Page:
The search for social currency

Updated: Jul 21 2014, 02:57am hrs
Here's an insight into the rich and what they spend their money on. The Futures Laboratory, a London-based think tank, says in a report that the way people spend money changes the longer they have it. That may not be such a surprise, but theres a method to the analysis. Luxury consumption, according to the report, involves five stages. The neo-rich, for instance, will spend money to demonstrate wealth and define their social position, and they do this by purchases of status-giving brands. The second stage is where they switch from popular brands to ones that convey discernment and higher levels of taste. Stage three is of experience and knowledge, where consumers are concerned with unique experiences that set them apart from the herd. Stage four is concerned with responsibility and awareness, where purchase of a particular product depends on the image of the brand and its CSR, or corporate social responsibility, quotient. The final stage is where theres less consumerism and a greater sense of spirituality and charitable acts. A more detailed analysis by WealthX and Singapores Wealth magazine found that most of the ultra-rich in western countries are between stages two and three, while in Asia, most of the wealthy class, not the newly rich but those born into wealth, are between stages two and three. They have bought the Merc or the BMW, the Zegna suits, the Dior dress and the Gucci handbags, but to differentiate themselves from the new rich, they have reached a stage where material goods are no longer enough. They are looking for the next level, or what is being called social currency, namely, the experiences that will set them apart from their peers. In rich speak, this is what is referred to as experiential luxury.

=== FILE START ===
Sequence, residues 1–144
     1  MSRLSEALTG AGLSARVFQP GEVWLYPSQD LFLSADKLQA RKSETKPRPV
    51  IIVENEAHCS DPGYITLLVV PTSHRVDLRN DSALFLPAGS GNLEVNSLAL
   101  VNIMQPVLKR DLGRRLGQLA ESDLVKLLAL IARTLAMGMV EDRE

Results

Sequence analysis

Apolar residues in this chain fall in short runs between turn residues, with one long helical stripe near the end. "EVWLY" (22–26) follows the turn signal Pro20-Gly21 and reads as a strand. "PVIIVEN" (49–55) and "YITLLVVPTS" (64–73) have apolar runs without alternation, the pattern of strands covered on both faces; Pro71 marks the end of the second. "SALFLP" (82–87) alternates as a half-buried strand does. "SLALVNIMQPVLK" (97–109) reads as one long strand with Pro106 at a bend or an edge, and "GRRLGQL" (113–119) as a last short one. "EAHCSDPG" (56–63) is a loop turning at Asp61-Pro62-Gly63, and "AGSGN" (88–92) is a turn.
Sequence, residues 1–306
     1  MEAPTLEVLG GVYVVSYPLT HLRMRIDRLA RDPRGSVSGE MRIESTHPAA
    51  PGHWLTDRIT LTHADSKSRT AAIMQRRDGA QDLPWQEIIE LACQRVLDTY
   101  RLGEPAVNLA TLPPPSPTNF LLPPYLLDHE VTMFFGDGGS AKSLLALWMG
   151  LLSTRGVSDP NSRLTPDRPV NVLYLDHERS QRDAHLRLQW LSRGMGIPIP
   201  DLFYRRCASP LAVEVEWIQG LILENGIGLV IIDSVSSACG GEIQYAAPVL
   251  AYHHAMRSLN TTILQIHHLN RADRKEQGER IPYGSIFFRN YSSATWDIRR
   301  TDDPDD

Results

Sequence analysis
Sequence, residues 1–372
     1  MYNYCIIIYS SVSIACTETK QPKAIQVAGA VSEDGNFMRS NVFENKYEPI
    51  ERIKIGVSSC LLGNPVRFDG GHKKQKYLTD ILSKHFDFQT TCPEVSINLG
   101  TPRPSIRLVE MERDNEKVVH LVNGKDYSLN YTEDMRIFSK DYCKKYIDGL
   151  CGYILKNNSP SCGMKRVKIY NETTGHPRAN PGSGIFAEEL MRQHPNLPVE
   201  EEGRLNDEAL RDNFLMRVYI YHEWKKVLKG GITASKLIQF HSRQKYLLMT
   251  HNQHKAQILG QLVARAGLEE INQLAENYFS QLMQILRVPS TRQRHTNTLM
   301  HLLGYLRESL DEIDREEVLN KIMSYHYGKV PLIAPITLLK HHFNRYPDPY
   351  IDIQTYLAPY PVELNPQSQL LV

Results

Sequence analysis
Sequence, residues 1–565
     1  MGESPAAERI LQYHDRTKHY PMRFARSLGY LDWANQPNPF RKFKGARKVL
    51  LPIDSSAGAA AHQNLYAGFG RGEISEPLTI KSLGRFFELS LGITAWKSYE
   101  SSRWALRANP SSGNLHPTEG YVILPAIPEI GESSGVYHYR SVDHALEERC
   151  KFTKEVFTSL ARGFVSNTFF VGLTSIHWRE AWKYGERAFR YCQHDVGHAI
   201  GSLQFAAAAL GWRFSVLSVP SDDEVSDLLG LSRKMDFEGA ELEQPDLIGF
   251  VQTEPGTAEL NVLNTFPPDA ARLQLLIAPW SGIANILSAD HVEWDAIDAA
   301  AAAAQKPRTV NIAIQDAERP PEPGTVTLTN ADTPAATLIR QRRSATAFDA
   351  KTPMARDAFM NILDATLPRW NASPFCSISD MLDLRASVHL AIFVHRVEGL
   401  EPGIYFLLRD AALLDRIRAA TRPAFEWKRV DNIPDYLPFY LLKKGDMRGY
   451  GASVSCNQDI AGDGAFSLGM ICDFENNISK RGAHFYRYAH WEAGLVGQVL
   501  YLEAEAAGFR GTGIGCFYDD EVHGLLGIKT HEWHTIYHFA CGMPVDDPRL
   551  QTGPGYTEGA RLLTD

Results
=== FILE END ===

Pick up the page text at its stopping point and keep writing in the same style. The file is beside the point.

The research finds that a number of travel and concierge companies are catering to the growing number of third-stage wealthy Asian travellers who are looking for one-off experiences that set them apart from the rest. It could be that adventure cruise to Antarctica, a hot-air balloon ride over the Serengeti, or a VIP seat at a prestigious sporting event. In India, a number of concierge services are growing, both local and global, offering special services and unique experiences, tailor-made for their interests and the time factor. Quintessentially Lifestyle, one of the bigger concierge companies, reports that travelling has become an increasingly bespoke experience amongst Asias wealthy. Of late, they have found that no travel itinerary they are given by rich clients is the same as another. Members are going beyond wanting to be a spectator, but getting deeply involved whether it be a spiritual experience in India, or training for a special event, or giving more time to a passion project.

Others agree that authenticity is the key when it comes to luxury travel. Khiri Travel is an Asia-based travel agency specialising in unique experiences. The company sees an increasing demand for authentic travel experiences from Singapore, Hong Kong, Beijing, Shanghai and other Asian cities. Asian wealth centres are growing more sophisticated in travel demands, as per the agency. They organise itineraries which include a trip to Myanmar to visit off-the-beaten-track villages, educational tours in historical areas of Thailand or local cooking classes on a remote island resort, or a visit to the tented camp in a remote area in western Cambodia to learn about the traditional lifestyle of the locals.

According to the report in Business Times of Singapores Wealth magazine, for those who still relish their comfort and luxury, there are companies like MVIP. It arranges for groups or individuals to get into major live sports events with a VIP packagefor example, box seats at Wimbledon during the Championship. In fact, the Wealth-X Luxury Sentiment Survey supports this trend. The survey showed that senior executives in the luxury industry found that 90% of respondents said that experiential marketinglike taking clients to sports games or charity auctionsis now crucial to their brands growth. Others in the segment agree that they are seeing a growing number of Asian consumers who no longer want to go to Italy to get fitted for bespoke suits. They now want a combination of amazing landscape, wildlife and conservation. And the next frontier, for rich Asian travellers, is space. Already, a surprising number of Indians have signed up for a seat on the commercial space flights that are due to take off by next year. Thats one experience to be one-up on your peers.